Toccoa City Commissioners are expected to continue to discuss a potential increase in water rates for customers who live outside the city limits in Stephens County next calendar year.
The topic came up again at a work session earlier this month.
During the city’s budget talks back in the spring, the point was raised that under a past city-county SPLOST agreement, the city was allowed to charge up to 1.25 times the city water rate to a county resident, but no higher than that 1.25 figure.
At that time, the city commission had requested information from staff as to what that would mean in dollar terms.
In October, city officials reported that if the city increased the county rate to the maximum 1.25 times the city rate across the board for residential, commercial, and industrial customers, it would result in an increase of about $457,000 in revenue to the city per year.
Toccoa City Manager Mike Jackson said at a December 17 work session that he feels implementing the increase is a good idea.
Multiple commissioners, including Vice-Mayor Andy Pavliscsak, said they are okay with implementing the differential.
“While the citizens of the county voted in the SPLOST to pay for the county-wide water system, that provision (the 1.25) was put in there because of those extra charges and costs to us,” said Pavliscsak. “Personally, I do not think it should be used as an arm-twisting event for people to consider coming in the city. I just think it should be looked at from a financial standpoint with regards to the cost for the delivery of the service.”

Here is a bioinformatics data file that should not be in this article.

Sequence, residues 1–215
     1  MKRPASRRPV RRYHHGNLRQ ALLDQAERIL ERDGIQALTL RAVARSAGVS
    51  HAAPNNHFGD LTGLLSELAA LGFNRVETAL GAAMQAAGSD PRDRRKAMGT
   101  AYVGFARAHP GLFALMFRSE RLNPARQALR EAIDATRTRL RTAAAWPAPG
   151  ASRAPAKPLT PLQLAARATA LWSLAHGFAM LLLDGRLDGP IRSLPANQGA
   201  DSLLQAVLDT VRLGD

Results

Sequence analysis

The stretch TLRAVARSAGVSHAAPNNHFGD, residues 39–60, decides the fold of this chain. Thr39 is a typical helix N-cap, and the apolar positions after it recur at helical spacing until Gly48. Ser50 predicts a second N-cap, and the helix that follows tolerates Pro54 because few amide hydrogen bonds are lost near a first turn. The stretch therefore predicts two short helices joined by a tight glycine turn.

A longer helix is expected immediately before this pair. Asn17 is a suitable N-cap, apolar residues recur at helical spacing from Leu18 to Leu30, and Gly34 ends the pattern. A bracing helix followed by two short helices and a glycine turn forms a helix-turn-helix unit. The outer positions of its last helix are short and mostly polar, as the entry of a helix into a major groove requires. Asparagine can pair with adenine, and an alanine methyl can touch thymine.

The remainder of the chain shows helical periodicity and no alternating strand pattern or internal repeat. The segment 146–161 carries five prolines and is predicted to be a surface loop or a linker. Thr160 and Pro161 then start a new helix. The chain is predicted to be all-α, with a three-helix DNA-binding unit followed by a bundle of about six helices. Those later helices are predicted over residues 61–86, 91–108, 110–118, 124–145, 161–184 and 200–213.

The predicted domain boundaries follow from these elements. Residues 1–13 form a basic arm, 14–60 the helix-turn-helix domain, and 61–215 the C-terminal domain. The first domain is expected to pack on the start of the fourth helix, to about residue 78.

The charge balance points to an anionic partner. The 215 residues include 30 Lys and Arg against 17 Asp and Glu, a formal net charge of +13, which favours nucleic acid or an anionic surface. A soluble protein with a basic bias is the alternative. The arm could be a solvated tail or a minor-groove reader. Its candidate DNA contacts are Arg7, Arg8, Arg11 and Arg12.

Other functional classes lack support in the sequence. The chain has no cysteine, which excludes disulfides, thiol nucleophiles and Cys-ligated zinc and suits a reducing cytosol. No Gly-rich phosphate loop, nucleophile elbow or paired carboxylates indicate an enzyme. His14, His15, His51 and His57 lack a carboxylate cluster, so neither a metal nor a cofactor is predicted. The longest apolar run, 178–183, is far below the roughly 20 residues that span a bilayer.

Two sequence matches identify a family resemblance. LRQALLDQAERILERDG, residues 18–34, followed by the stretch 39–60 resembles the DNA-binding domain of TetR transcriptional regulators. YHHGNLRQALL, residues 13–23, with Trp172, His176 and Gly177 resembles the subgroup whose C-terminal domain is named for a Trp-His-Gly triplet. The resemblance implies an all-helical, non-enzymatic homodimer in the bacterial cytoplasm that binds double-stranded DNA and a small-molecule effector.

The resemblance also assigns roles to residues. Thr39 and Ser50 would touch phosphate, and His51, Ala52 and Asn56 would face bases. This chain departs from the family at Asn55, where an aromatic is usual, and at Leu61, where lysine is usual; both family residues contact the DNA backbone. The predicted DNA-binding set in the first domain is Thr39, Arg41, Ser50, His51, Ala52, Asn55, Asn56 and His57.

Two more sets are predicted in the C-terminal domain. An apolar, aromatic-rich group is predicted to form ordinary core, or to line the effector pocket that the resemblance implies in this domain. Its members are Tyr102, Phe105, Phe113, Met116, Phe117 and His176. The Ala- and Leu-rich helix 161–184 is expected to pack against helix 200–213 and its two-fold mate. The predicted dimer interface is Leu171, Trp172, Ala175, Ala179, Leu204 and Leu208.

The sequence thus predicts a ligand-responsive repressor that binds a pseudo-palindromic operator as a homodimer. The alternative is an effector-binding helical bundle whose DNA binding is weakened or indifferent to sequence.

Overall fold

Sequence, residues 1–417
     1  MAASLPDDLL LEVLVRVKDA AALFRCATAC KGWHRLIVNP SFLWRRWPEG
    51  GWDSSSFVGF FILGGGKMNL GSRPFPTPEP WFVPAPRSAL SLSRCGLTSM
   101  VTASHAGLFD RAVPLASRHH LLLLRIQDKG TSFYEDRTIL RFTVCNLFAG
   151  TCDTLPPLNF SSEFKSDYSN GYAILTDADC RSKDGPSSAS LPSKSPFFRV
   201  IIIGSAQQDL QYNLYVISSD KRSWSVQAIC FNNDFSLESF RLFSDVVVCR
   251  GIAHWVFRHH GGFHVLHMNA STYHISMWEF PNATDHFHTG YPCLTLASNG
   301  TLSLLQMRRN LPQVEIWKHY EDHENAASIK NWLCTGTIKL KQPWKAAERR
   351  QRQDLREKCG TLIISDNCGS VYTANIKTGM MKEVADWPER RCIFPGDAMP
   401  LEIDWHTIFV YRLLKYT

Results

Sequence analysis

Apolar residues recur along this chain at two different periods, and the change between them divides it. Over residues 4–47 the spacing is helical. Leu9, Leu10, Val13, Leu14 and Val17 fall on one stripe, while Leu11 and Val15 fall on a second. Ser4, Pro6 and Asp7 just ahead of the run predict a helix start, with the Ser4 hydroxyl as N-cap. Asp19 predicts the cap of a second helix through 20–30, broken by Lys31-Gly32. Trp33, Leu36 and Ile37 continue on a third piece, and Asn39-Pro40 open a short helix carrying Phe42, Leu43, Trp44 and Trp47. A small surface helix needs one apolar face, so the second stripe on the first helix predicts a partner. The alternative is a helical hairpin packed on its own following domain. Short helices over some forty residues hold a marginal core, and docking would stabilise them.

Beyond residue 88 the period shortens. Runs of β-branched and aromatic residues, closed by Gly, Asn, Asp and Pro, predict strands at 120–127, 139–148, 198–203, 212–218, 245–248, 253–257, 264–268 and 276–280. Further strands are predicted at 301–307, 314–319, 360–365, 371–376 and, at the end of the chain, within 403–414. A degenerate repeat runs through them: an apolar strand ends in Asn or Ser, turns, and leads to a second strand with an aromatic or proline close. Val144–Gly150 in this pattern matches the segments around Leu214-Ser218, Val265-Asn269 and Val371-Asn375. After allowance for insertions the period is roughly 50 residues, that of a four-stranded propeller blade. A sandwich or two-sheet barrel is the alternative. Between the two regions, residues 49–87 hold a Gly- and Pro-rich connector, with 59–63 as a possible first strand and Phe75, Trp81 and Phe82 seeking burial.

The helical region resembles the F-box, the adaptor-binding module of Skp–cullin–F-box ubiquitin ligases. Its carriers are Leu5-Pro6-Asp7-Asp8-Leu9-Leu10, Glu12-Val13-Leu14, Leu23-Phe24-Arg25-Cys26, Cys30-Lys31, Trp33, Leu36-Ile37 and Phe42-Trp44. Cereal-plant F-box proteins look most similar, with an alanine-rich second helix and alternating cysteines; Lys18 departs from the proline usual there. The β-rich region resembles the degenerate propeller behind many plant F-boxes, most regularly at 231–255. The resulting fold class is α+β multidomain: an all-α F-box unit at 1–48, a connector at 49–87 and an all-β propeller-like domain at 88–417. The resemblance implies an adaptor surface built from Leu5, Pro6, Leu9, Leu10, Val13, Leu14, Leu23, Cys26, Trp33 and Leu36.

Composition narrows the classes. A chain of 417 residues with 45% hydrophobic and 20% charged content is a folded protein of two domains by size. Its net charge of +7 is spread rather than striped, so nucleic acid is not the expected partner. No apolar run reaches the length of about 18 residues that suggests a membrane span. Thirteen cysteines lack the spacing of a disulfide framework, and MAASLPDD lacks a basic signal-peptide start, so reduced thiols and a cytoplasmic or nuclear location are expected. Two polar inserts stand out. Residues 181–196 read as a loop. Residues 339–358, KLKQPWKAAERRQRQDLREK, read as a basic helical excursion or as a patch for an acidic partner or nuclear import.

City Commissioner Gail Fry said she was concerned about the impact of the increase on an individual’s water bill, noting the economy.
According to information provided by the city, a county residential water customer’s average water bill would increase by $4.28 per month based on an average monthly consumption of a residential customer of 4,263 gallons.
In response to Fry, Pavliscsak suggested the possibility of increasing the base allocation for a customer from 2,000 to 3,000 gallons.
Meanwhile, City Commissioner Ron Seib said that he is not opposed to the differential, but adds that he does not want to rush into it.
“I am not opposed to the differential, but I would be opposed to all of a sudden waking up tomorrow with a 25 percent premium charge,” said Seib. “I think it ought to be a little bit more thought out and we need to communicate with the county because we are in this together and I would want to make sure we sat down with them and explained to them our rationale and have some rationale, and then just implement it.”
City Commissioners requested staff to provide more information on different scenarios, such as the impact of raising the base allocation to 3,000 gallons on the financial bottom line, in order to discuss them further before making a decision.